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Quantum breakthrough could lead to planet-sized telescopes

·2-min read
Researchers say engineered quantum systems could lead to a revolution in discovery (EQuS)
Researchers say engineered quantum systems could lead to a revolution in discovery (EQuS)

A new quantum technique could allow previously impossible astronomical observations by combining data from observatories around the world.

The breakthrough, made by researchers from Australia and Singapore, could lead to new understandings of exoplanets, stars and even black holes through vast arrays of optical observatories.

The technique offers a revolution in something known as Stimulated Raman Adiabatic Passage (STIRAP), which involves the transfer of quantum information without any loss.

By applying this quantum communication technique to very-long baseline interferometry, astronomers would be able to combine light from multiple telescopes in order to make observations using previously inaccessible wavelengths.

“The development of high-resolution, large-baseline optical interferometers would revolutionise astronomical imaging,” a paper detailing the technique explains.

“Classical techniques are hindered by physical limitations including loss, noise, and the fact that the received light is generally quantum in nature... We present a general framework for using quantum error correction codes for protecting and imaging starlight received at distant telescope sites.”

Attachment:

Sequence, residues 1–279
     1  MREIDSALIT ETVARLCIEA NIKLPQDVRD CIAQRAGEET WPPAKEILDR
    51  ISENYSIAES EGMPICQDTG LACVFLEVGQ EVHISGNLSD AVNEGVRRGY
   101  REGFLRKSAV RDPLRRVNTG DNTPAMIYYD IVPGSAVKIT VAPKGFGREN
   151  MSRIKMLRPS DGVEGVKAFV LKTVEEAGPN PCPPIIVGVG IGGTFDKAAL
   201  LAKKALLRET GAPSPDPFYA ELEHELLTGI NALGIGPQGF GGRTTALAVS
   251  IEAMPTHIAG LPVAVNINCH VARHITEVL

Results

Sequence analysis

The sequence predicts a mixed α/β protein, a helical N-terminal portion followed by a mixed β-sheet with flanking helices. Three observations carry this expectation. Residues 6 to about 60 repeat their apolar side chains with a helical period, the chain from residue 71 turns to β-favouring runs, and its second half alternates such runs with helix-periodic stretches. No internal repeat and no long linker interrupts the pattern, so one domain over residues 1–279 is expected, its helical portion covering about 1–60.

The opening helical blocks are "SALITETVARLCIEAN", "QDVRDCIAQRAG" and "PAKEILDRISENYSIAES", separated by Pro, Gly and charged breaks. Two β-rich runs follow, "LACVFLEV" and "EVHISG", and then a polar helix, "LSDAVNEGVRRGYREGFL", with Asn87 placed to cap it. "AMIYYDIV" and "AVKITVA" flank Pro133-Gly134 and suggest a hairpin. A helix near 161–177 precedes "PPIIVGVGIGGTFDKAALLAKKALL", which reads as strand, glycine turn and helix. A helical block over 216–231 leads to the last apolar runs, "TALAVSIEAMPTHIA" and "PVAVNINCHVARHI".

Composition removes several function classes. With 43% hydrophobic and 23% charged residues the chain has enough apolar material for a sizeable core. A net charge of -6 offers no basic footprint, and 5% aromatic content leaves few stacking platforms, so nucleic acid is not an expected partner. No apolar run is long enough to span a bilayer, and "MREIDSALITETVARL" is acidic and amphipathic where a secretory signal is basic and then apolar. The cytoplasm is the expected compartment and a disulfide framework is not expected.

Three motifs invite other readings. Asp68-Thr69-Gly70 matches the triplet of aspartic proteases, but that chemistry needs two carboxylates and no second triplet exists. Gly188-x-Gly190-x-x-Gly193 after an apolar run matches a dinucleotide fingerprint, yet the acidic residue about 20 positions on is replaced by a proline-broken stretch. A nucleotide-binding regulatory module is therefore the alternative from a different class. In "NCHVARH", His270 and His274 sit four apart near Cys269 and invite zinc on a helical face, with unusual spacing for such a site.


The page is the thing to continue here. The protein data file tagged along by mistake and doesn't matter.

In order to integrate the technology into next-generation instruments, scientists need to adopt a technique used in quantum computing called quantum error correction.

Once achieved, astronomers will be able to capture images from some of the most inaccessible parts of the universe.

“The idea of this line of research is to allow us to move into the optical frequencies from microwaves,” Dr Zixin Huang, from the Center for Engineered Quantum Systems (EQuS) at Macquarie University in Australia, who led the research, told Universe Today.

“By moving into optical frequencies, such a quantum imaging network will improve imaging resolution by three to five orders of magnitude. It would be powerful enough to image small planets around nearby stars, details of solar systems, kinematics of stellar surfacess, accretion disks, and potentially details around the event horizons of black holes – none of which currently planned projects can resolve.”

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